November 7th, 2011
By Peter M. DiBattiste, M.D., Global Therapeutic Area Head, Cardiovascular and Metabolism, Johnson & Johnson Pharmaceutical Research & Development, L.L.C.
As a cardiologist and music lover, the heart’s constant and rhythmic beat has always been a passion of mine. I’m fascinated by the way that it speeds up when a person is exercising or excited, and the way it slows down during periods of rest.
Sometimes, though, the heart does not contract the way that it should. The beat can become very fast and irregular, in a condition known as atrial fibrillation. This is the most common cardiac rhythm disorder, affecting more than 2.2 million people in the United States, and may leave patients feeling weak, faint, and short of breath. Some patients may not feel any symptoms at all. The irregular heartbeat also leaves people with atrial fibrillation vulnerable to forming blood clots in the heart’s atria, which can potentially travel to the brain, resulting in a stroke.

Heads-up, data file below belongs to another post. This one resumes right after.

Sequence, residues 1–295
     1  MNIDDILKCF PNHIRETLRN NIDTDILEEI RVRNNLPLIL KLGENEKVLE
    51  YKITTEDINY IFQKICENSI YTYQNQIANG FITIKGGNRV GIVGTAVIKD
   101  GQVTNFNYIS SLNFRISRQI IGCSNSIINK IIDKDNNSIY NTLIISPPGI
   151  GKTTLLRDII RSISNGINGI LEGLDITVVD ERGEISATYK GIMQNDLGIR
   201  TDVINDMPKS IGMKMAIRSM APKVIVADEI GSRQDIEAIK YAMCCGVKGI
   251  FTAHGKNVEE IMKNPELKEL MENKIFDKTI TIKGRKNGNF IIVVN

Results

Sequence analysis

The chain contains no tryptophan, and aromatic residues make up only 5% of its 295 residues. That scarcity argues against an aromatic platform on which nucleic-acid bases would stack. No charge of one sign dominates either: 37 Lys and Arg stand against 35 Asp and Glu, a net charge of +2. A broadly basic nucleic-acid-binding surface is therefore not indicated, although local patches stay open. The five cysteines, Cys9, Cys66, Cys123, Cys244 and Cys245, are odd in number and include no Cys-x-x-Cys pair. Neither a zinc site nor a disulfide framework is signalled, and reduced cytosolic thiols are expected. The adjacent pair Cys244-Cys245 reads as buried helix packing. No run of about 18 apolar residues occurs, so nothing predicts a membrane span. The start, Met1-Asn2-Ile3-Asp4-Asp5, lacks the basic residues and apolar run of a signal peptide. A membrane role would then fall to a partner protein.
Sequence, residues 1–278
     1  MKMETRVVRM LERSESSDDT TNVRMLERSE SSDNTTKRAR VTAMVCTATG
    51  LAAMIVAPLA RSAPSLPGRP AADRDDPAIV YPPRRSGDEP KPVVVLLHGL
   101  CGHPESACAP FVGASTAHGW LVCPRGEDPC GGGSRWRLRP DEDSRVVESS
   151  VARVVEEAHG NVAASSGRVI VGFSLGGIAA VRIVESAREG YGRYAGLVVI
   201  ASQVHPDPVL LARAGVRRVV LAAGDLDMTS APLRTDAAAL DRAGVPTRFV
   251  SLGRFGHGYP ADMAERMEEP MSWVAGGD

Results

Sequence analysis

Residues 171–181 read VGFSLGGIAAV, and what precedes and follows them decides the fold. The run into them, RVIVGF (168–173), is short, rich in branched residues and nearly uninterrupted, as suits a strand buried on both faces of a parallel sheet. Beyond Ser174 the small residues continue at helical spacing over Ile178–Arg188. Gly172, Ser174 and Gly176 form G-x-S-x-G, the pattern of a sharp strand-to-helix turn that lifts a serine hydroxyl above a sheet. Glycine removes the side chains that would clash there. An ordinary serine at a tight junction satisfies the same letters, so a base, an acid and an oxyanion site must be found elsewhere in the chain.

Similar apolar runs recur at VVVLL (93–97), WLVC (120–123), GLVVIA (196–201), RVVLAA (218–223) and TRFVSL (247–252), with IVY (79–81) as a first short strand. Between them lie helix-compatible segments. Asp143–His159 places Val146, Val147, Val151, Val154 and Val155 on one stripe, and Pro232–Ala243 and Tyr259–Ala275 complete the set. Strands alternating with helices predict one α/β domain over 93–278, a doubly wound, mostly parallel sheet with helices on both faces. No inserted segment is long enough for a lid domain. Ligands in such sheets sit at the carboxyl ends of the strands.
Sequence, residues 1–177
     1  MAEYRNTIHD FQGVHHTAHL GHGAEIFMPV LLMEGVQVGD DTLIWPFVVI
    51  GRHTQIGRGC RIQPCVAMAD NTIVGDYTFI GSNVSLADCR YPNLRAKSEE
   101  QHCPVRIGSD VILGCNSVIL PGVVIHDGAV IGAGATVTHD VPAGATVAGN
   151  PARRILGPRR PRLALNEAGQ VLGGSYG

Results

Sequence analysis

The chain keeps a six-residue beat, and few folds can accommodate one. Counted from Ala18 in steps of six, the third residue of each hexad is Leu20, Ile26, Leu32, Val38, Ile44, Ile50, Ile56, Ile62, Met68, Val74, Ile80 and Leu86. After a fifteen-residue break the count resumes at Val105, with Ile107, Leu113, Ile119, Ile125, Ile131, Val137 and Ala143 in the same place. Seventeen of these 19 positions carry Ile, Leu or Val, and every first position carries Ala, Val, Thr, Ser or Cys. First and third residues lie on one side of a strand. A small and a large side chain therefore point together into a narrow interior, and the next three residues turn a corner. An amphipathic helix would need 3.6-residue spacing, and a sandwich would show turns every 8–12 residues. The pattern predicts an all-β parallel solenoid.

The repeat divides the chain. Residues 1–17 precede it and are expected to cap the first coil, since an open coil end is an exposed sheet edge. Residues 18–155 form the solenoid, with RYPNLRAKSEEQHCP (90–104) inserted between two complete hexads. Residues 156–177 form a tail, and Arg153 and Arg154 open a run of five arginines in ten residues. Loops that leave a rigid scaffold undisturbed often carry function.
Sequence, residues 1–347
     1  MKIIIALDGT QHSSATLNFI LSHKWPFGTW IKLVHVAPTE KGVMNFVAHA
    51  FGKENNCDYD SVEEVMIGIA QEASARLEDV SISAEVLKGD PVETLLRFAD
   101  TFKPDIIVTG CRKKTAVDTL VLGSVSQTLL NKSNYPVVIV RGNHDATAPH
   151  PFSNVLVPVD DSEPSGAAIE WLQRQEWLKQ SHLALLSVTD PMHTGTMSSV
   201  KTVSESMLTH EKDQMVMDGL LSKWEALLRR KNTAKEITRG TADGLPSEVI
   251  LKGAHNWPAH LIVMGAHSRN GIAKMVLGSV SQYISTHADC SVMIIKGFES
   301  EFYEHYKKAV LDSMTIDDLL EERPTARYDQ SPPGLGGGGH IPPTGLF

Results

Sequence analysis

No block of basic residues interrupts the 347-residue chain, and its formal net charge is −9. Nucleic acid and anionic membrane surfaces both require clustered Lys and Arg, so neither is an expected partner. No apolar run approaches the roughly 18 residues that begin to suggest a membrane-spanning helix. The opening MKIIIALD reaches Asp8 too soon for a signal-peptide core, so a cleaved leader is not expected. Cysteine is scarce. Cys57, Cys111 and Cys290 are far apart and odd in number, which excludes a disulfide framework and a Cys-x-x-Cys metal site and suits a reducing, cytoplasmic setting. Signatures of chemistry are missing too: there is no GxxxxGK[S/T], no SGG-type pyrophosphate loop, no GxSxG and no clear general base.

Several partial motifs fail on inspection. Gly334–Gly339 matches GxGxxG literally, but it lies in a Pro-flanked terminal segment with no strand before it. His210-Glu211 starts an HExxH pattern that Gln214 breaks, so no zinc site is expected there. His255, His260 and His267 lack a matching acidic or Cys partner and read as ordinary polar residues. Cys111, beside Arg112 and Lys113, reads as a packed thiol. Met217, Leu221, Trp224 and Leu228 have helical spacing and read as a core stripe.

Patients with atrial fibrillation are at a five-fold increased risk for stroke compared with the general population. Recommended treatments are available to help reduce this risk of stroke, including medications that thin the blood to help prevent the formation of clots. Despite these recommendations, studies show that nearly half of patients with this condition do not receive appropriate medication.This is important to think about, because the results of stroke are potentially devastating, and take a serious physical, emotional, and financial toll on both the patients and their families.